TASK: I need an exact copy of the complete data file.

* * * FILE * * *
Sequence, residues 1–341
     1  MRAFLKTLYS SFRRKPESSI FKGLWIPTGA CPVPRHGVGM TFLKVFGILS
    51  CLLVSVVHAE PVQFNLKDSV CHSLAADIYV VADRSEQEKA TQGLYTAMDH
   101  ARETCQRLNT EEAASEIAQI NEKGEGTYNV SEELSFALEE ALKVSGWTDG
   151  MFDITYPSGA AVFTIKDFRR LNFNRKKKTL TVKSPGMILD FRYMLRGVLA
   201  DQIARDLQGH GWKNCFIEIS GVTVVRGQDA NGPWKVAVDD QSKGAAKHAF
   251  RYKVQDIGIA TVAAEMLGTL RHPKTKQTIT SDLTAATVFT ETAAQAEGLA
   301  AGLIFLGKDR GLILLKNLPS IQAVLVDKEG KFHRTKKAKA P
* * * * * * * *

Sequence, residues 1–341
     1  MRAFLKTLYS SFRRKPESSI FKGLWIPTGA CPVPRHGVGM TFLKVFGILS
    51  CLLVSVVHAE PVQFNLKDSV CHSLAADIYV VADRSEQEKA TQGLYTAMDH
   101  ARETCQRLNT EEAASEIAQI NEKGEGTYNV SEELSFALEE ALKVSGWTDG
   151  MFDITYPSGA AVFTIKDFRR LNFNRKKKTL TVKSPGMILD FRYMLRGVLA
   201  DQIARDLQGH GWKNCFIEIS GVTVVRGQDA NGPWKVAVDD QSKGAAKHAF
   251  RYKVQDIGIA TVAAEMLGTL RHPKTKQTIT SDLTAATVFT ETAAQAEGLA
   301  AGLIFLGKDR GLILLKNLPS IQAVLVDKEG KFHRTKKAKA P